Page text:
This is a good question, in light of the rapid development of mirrorless cameras and the incredible advancements in technology that have given rise to cameras like the Sony A7R, A7R II, Olympus OM-D E-M5 II and others in recent times. Amazing technical performance is becoming less and less expensive, with cameras like the Ricoh GR showing how much performance can be delivered in a compact $600 package. So, why is it that the Leica M retains such a following and why am I bothering to write this? Well, its primarily aimed at those who have limited experience of the very expensive Leica M system and who have probably dismissed the concept out of hand…
Lets start with perceptions: Leica is a polarising word: for some it means ‘luxury’, while for others it is synonymous with ‘rich git with more money than sense and who is personally responsible for world poverty by oppressing the struggling masses’. A slight exaggeration, but you get the idea…. On top of this, Leica has an illustrious heritage, including production of some of the most game-changing 35mm portable cameras and the natural consequence of that: some of the most iconic images of the 20th century have been produced with said cameras. Detractors assert that current users are inhaling the vapours of former glories, while devotees are likely to reply with ‘there is still no other camera like a Leica M’. Considering the huge cost of digital Leicas, are there any sensible reasons to engage in a system that is so incredibly expensive, where in the case of the soon to be replaced Leica M Type 240, there are competitors that have left it well behind with regard to sensor resolution, Dynamic Range, high ISO, Live View and weight?
So where does the truth lie? I know that you know that there is no definitive answer to such a silly question, but I can at least outline my personal thoughts on the Leica M system as a practical proposition amidst a growing ocean of mirrorless cameras. I do think Leica Ms are perhaps less compelling than in the past, but they are far from on the extinction list. In fact I’ll venture that they may even outlast DSLRs…
Illustrating this article are images from my ‘Russians and Royals’ and ‘Afghan Heroin: Not For Export’ projects that were shot on Leica M film cameras from 2008 to 2010. These are digital snaps of prints so some may appear a bit fuzzier than they should. Here’s a review of the Mk I M9-based Monochrom (including images).
So what’s my Leica story?
I began with film Ms and still own several bodies and a good range of lenses, all of which got well-used in Afghanistan from 2006 to 2010. I subsequently bought a Leica Monochrom (M9M), as this was the only camera able to lure me away from film for B&W digital and there can be no higher accolade than that. However, with all the recent camera developments, I would be lying if I said that I had not thought of selling up: Sensor corrosion (permanent solution en route). Expensive repairs. Rangefinder calibration. Lens-Body calibration…. and the list of potential snags goes on further still, not to mention the large amount of money tied up in glass particularly.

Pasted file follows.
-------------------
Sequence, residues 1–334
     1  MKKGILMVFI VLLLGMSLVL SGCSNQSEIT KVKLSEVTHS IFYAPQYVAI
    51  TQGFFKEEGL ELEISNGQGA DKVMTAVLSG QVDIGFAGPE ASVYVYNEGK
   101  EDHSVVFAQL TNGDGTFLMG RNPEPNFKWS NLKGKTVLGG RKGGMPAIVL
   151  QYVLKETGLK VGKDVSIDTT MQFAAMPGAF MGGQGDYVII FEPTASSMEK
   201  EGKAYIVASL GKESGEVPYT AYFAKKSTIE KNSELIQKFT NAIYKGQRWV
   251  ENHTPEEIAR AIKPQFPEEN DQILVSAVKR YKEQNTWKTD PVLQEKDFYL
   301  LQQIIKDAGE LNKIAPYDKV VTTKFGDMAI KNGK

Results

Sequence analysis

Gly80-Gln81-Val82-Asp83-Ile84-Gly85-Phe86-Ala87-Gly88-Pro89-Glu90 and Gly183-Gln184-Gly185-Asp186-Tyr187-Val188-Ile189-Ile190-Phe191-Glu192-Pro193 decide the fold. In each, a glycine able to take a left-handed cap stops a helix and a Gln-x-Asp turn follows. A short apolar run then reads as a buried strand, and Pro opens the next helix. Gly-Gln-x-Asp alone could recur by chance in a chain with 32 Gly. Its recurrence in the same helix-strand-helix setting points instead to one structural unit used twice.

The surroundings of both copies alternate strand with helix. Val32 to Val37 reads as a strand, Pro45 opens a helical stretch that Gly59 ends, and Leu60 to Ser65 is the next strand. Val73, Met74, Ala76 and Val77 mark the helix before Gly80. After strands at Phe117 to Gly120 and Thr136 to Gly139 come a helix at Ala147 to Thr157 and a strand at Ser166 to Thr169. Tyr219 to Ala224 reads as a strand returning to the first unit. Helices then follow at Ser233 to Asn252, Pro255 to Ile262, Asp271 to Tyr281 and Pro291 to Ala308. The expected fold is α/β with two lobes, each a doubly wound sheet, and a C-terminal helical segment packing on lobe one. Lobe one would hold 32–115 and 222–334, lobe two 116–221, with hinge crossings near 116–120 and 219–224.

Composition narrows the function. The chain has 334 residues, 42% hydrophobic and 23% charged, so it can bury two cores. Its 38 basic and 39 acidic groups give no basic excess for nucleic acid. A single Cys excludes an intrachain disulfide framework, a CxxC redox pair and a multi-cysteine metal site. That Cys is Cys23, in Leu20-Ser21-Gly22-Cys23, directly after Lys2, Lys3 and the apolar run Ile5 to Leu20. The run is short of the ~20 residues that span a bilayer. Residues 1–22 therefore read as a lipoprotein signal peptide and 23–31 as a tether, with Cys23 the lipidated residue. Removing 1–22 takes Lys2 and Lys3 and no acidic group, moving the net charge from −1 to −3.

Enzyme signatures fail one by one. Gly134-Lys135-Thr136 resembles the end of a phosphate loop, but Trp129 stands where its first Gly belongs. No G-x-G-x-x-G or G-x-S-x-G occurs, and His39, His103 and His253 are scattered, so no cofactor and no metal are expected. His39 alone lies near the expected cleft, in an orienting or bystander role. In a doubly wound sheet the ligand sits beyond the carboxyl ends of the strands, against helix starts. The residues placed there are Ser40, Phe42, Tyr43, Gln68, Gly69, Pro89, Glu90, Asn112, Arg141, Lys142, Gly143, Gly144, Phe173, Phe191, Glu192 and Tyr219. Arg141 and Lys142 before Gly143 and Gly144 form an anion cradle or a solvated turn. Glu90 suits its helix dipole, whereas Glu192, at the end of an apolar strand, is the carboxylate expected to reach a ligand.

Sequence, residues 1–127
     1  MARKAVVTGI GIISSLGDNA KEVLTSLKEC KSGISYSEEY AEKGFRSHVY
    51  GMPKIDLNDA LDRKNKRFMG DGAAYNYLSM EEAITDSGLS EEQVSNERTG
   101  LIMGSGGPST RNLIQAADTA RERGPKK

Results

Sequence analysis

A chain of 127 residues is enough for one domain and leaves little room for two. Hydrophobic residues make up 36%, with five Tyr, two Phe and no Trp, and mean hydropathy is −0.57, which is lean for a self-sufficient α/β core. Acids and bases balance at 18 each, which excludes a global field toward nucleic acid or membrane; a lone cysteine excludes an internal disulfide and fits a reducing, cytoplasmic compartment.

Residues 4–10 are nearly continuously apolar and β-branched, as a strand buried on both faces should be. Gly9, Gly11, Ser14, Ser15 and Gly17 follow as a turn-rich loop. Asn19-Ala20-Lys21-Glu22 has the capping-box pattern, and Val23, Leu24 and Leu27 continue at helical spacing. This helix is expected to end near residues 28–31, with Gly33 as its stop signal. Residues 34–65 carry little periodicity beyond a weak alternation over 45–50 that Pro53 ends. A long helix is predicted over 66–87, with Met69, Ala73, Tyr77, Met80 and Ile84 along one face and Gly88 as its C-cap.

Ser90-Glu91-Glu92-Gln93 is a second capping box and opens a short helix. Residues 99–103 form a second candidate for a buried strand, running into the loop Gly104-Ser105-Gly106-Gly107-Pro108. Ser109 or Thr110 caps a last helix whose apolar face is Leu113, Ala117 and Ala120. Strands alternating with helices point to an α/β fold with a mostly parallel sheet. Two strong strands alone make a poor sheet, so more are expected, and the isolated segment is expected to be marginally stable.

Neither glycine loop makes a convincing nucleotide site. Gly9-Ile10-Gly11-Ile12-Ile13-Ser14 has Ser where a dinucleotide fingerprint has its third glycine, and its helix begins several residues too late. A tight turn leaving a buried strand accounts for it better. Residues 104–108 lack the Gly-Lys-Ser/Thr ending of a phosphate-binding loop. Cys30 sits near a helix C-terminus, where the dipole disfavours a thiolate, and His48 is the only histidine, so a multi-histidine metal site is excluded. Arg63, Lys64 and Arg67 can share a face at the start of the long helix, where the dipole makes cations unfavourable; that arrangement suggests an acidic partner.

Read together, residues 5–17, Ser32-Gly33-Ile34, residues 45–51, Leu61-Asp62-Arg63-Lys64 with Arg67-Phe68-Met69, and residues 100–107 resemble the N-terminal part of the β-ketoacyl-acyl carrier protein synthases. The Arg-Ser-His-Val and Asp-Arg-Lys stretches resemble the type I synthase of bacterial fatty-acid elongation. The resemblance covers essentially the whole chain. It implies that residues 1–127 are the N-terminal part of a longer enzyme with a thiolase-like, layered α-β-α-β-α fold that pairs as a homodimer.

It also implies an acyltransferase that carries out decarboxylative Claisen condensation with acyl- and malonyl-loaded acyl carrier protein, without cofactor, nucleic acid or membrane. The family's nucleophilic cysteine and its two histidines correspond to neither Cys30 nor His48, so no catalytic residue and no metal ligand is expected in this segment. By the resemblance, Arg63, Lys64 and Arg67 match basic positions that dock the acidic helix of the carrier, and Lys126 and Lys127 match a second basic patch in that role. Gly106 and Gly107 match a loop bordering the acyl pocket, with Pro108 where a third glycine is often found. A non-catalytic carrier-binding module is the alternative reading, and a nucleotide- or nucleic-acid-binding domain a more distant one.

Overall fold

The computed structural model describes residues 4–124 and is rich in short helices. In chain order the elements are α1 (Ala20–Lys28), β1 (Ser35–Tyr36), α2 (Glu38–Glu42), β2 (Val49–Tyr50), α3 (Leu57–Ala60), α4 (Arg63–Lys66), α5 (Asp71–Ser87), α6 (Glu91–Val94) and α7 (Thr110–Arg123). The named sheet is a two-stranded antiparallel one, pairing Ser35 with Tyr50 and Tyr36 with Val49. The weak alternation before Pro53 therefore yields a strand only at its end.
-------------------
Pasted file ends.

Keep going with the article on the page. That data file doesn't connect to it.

But I haven’t sold up (though I may thin out my lenses to pay for the 645Z) and there are solid reasons why not, despite my best efforts to strong arm myself into doing so! My reasons are shared by many, but constantly under attack by those who would like to think us brand-crazed snobs who have no idea of the ‘advantages’ of other camera systems. But the critics are invariably focusing on measurable, technical parameters, as if they solely govern such decisions and lead directly to better photography. Were they to, nobody would ever have bought a Holga and I would never have shot this project.
So, after much waffle, here is my list of what is special about the Leica M and why I still love mine.
Rangefinder: These cameras utilise a rangefinder design, which means that the viewing window is independent of the lens. By not looking through the lens at open aperture (as tends to be the case with most other types of camera), everything is sharp. There are no fuzzy backgrounds. There are no people behind the subject whom you cannot see, but who may impact the final image. You see everything that is there and you see the relationships between those elements. Although may people love the tremendous performance of M-mount lenses at wider apertures, I would argue that most of the best images throughout history, that have been shot on a Leica M, have been shot at middling apertures to render most elements in the scene either sharp, or at least similarly (almost) sharp. By seeing everything clearly in the viewfinder, you are already half way there – you can spot in an instant how the ‘bigger picture’ has changed and fire the shutter and the right moment. With a SLR, you might not even notice, because you see the scene with the lens at its widest aperture and this can force your eye to concentrate on whatever is crisp in the viewfinder. On top of this M cameras have frame lines, which in many cases you can see outside of, allowing the photographer to better understand how elements will enter and interact within the frame. This all aids anticipation and good timing.
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